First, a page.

Related collections

          Most cited references 38

          • Record: found
          • Abstract: found
          • Article: not found
          Is Open Access

          Qualitative Content Analysis

          The article describes an approach of systematic, rule guided qualitative text analysis, which tries to preserve some methodological strengths of quantitative content analysis and widen them to a concept of qualitative procedure. First the development of content analysis is delineated and the basic principles are explained (units of analysis, step models, working with categories, validity and reliability). Then the central procedures of qualitative content analysis, inductive development of categories and deductive application of categories, are worked out. The possibilities of computer programs in supporting those qualitative steps of analysis are shown and the possibilities and limits of the approach are discussed. URN: urn:nbn:de:0114-fqs0002204 Forum Qualitative Sozialforschung / Forum: Qualitative Social Research, Vol 1, No 2 (2000): Qualitative Methods in Various Disciplines I: Psychology
            • Record: found
            • Abstract: found
            • Article: not found

            Qualitative content analysis: a guide to paths not taken.

             D Morgan (1993)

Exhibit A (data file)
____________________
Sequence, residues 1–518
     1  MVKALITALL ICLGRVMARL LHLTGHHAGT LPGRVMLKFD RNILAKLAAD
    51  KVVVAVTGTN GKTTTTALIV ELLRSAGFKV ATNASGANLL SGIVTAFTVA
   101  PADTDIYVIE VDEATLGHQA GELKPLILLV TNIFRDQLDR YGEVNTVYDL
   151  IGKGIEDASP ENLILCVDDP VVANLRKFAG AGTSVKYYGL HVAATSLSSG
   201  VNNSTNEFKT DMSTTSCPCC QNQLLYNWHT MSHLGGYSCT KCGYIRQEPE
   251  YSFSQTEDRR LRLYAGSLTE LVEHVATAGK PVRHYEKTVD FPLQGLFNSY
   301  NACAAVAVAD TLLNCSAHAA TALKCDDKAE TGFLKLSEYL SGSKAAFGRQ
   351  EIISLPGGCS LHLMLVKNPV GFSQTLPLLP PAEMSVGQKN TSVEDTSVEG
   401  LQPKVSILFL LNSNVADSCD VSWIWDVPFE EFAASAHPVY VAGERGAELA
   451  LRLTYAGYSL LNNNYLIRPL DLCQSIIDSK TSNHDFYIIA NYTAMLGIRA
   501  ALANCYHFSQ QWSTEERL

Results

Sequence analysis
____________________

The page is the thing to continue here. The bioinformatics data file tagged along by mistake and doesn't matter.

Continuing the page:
Counting codes makes qualitative content analysis a controversial approach to analyzing textual data. Several decades ago, mainstream content analysis rejected qualitative content analysis on the grounds that it was not sufficiently quantitative; today, it is often charged with not being sufficiently qualitative. This article argues that qualitative content analysis is distinctively qualitative in both its approach to coding and its interpretations of counts from codes. Rather than argue over whether to do qualitative content analysis, researchers must make informed decisions about when to use it in analyzing qualitative data.
              • Record: found
              • Abstract: found
              • Article: found
              Is Open Access

              Community Attitudes to the Appropriation of Mobile Phones for Monitoring and Managing Depression, Anxiety, and Stress